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Monday, October 11, 2010

Riverview Storytelling Fest A Modest Success

The first Riverview Storytelling Festival was born of an idea that Johnnie Mae Swagerty had, to educate the youth in the community about much of the folklore that blends history and culture together in the neighborhood.

By the looks on the faces of the New Vision Youth, the event held in the Douglass Community Room at the V.O. Dobbins, Sr. Complex was a huge success.

"Indeed it was," says New Vision Youth Director Johnnie Mae Swagerty. "We had about 22 kids that came to hear the stories, and also 4 or 5 adults also attending, and they were very caught up in the tales of the neighborhood."

"Mrs. Louetta Hall was one of the story tellers, along with Calvin Sneed with the Douglass Alumni Association. They were telling stories about things the kids did not know about Riverview, and even things some of the adults did not know about the community."

Mrs. Hall told of the movies that people used to watch in the ballfield, and ocassionally in the courtyard of the Riverview Apartments. She also told of an old peddler who used to come into Riverview every day, and would sell the people wares from the back of his old wagon. She also mentioned how the PET milkman used to deliver milk right to people's doorsteps. She also talked about how kids used to sneak through the woods and watch the movie at the drive-in on Wilcox Boulevard. She mentioned to the children how residents used to have their farm animals on their property in Riverview.


Calvin told of how Clay Hill was the unofficial playground for Riverview children (and a few adults), how kids whose parents would not let them have dogs, would keep the dogs as pets in doghouses on Clay Hill.. he also told how the whistles from the Kingsport Foundry and Tennessee Eastman would sound at the 4:30 PM shift change every weekday, and did an imitation of the foundry whistle and the Eastman horn that were very authentic.. he also mentioned how he found out that Jason and Nora Mae Taylor introduced the first foot-long hotdog in Kingsport, at their own Dairy Mart restaurant on Lincoln Street in Riverview.

The kids, of course, had tons of questions, among them.. how much did it cost to get in the old Riverview Swimming Pool?... how much were the hot dogs at the Dairy Mart?.. They asked if there were any animals on Clay Hill, and what they were.. They also asked about the playground that used to be in the courtyard at the Riverview Apartments.. They even wanted to know where the names of the streets in Riverview came from (Louis Street used to be called Washington Street, and East Sevier Avenue used to be East Walnut Avenue).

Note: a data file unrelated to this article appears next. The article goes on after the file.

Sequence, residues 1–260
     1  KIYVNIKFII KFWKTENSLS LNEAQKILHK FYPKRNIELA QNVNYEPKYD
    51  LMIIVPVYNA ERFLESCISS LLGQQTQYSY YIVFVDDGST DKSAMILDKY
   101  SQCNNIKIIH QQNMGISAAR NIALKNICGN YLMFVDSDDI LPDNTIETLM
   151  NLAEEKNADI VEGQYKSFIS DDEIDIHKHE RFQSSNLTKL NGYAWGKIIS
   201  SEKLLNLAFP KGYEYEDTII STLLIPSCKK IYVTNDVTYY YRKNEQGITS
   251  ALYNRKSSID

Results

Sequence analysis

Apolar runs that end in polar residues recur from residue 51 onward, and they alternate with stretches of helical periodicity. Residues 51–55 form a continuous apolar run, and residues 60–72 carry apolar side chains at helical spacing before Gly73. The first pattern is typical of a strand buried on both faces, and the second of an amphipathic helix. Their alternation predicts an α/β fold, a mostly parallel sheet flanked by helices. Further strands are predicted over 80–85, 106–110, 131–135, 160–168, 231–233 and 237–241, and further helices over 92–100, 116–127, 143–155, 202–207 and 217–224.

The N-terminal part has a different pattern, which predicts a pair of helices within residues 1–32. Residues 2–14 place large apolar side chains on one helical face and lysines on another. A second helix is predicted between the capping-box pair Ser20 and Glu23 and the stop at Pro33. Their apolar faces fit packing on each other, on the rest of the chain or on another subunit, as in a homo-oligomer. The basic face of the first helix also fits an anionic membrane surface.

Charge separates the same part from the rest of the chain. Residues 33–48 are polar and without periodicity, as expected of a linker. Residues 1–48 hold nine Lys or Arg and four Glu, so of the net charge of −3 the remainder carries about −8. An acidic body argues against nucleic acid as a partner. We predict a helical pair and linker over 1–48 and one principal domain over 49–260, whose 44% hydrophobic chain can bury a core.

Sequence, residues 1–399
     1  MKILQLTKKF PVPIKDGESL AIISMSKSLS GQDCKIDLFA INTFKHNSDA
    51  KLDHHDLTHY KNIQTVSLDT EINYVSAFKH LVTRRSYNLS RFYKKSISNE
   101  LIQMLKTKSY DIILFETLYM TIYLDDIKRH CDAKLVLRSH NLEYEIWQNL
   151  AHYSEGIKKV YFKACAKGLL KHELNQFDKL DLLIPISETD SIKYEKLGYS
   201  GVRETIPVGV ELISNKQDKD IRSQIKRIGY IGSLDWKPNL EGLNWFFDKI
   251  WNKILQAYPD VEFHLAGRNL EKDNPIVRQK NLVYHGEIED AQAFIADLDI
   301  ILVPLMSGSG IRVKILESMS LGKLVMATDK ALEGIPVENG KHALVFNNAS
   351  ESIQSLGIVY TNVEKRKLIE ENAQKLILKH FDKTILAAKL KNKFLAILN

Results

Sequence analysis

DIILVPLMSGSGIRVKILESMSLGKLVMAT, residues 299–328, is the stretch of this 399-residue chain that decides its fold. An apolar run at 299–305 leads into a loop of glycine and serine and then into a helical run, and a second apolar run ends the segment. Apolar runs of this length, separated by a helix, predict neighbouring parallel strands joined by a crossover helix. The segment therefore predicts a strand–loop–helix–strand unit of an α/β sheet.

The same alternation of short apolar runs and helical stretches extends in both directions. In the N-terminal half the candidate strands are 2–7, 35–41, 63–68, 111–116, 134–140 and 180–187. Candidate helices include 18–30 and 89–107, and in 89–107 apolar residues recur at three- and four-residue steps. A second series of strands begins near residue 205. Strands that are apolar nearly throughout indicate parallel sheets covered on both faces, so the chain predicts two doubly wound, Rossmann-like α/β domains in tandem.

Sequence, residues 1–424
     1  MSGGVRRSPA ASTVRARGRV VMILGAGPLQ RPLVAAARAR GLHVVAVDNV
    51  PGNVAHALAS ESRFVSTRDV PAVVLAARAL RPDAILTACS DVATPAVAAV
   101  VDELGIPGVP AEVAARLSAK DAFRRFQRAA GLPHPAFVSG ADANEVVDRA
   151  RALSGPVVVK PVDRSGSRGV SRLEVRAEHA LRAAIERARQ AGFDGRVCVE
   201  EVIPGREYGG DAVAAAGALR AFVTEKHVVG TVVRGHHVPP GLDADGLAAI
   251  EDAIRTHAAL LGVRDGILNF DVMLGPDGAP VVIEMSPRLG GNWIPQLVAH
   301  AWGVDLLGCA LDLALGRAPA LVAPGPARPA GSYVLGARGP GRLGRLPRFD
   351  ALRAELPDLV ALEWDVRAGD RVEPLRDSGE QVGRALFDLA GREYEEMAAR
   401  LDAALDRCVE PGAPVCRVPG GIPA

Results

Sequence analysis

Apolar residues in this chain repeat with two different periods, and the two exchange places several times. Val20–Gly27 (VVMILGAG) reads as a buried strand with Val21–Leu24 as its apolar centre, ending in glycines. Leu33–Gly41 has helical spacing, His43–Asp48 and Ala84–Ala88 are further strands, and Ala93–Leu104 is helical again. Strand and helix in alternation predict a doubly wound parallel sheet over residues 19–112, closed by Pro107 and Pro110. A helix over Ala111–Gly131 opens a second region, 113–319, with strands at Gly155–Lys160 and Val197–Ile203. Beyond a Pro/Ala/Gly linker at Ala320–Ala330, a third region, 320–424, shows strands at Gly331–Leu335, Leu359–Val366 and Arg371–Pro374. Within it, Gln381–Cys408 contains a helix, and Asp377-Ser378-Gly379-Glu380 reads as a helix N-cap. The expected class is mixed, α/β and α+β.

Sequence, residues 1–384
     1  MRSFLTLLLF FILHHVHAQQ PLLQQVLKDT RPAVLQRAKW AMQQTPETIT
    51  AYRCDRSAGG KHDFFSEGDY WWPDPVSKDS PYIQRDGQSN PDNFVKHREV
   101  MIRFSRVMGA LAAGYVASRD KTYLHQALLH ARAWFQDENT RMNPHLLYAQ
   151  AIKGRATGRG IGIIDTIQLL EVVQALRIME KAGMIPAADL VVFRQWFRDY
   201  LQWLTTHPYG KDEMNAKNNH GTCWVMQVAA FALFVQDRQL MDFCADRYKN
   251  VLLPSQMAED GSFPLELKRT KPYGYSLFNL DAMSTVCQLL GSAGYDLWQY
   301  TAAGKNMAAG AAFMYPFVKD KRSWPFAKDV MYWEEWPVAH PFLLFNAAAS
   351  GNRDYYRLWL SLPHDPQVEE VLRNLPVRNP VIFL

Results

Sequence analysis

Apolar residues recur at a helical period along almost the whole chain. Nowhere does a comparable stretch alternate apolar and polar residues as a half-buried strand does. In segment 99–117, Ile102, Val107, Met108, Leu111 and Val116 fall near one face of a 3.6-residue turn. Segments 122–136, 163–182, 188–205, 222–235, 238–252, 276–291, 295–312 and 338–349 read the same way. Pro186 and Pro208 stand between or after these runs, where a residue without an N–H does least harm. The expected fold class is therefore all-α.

"They asked a lot of good questions, and got a lot of good answers," Johnnie Mae said.

Johnnie Mae says there were plenty of things in the stories told, that the adults did not even know. "I didn't know there were specific times that the whistles went off for shift changes at the businesses. She also told stories of my grandfather, one of the first farmers in Riverview, who used to have horses on his little property, along with cows and pigs."

"Some of the kids had never heard of Riverview, never heard about Riverview," she says. "They didn't know about how Central (Baptist Church) was the first church in the neighborhood.. how Reverend Stokely used to do so many things for the church and the community."

Johnnie Mae says she was glad to learn of the first footlong hotdogs and the Dairy Mart connection. One of the restaurant's former owners, Mrs. Nora Mae Taylor still lives on Dunbar Street in Riverview.

"The kids want to go to Sonic and have a footlong hotdog," she says. "We want to get the Sonic people involved in this part of the footlong's history in Kingsport, and we want to tell the Sonic people about that history. Based on a suggestion from Calvin that 'every time you eat a footlong, you should think of Ms. Nora Mae Taylor and Mr. Jason Taylor and thank them,' we want to write her appreciation letters and have a little party for her to thank her and her late husband for bringing the first footlong hot dogs to Kingsport. It's now going to be one of our community projects soon for the New Vision Youth."

The best thing that came out of the Riverview Storytelling Festival, is that there are many, many more stories out there, waiting to be told.

"Based on the success of this one," Johnnie Mae says, "the Riverview Storytelling Festival will now be a yearly event, not just for the kids, but for the adults, too. We'll plan it to be bigger and even better, maybe do it outside like the National Storytelling Festival in Jonesborough.. we'll start an annual storytelling festival in Riverview. We want the adults to come out, the seniors, and tell their stories, so there'll be a record of what happened in our community. It won't be just for Riverview, it will be for all the community.

"I was glad that the kids got to know some of the history of the neighborhood," she says.

"Believe it or not.. they still want to know more."